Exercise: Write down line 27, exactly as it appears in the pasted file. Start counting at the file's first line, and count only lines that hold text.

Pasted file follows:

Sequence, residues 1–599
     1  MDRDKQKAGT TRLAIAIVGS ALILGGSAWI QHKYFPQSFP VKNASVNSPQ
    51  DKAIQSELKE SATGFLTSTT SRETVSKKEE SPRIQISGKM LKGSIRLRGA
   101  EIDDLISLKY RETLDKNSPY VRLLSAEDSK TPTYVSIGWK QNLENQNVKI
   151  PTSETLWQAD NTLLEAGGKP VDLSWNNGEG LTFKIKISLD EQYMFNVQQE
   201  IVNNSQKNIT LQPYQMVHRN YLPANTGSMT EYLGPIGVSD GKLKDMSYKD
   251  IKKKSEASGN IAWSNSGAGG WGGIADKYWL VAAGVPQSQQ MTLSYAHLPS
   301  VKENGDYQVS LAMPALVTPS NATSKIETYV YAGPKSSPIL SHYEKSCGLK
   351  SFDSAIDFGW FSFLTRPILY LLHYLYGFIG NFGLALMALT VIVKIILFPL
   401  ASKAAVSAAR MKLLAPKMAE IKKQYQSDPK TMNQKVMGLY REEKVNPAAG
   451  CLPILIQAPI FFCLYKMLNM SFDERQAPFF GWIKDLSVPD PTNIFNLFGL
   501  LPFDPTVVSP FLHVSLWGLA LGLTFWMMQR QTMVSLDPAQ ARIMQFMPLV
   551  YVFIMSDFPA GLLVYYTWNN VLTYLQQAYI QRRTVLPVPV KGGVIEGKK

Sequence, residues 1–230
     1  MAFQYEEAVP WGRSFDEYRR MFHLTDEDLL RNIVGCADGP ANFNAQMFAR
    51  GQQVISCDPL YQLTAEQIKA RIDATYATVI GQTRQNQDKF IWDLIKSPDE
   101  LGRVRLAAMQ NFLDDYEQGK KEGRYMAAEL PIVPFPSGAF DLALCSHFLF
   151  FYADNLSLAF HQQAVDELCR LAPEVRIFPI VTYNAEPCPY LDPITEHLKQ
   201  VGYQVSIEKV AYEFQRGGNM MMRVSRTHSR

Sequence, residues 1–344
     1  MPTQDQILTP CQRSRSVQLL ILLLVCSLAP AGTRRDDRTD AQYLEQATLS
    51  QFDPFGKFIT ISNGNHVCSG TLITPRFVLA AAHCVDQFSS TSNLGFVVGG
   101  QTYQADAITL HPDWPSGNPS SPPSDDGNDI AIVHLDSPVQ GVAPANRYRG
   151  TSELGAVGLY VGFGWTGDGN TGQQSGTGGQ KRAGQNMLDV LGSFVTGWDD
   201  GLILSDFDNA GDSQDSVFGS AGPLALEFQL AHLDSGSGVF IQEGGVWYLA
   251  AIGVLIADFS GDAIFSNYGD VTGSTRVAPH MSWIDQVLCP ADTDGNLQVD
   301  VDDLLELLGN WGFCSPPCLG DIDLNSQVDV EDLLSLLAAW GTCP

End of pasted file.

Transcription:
   301  VDDLLELLGN WGFCSPPCLG DIDLNSQVDV EDLLSLLAAW GTCP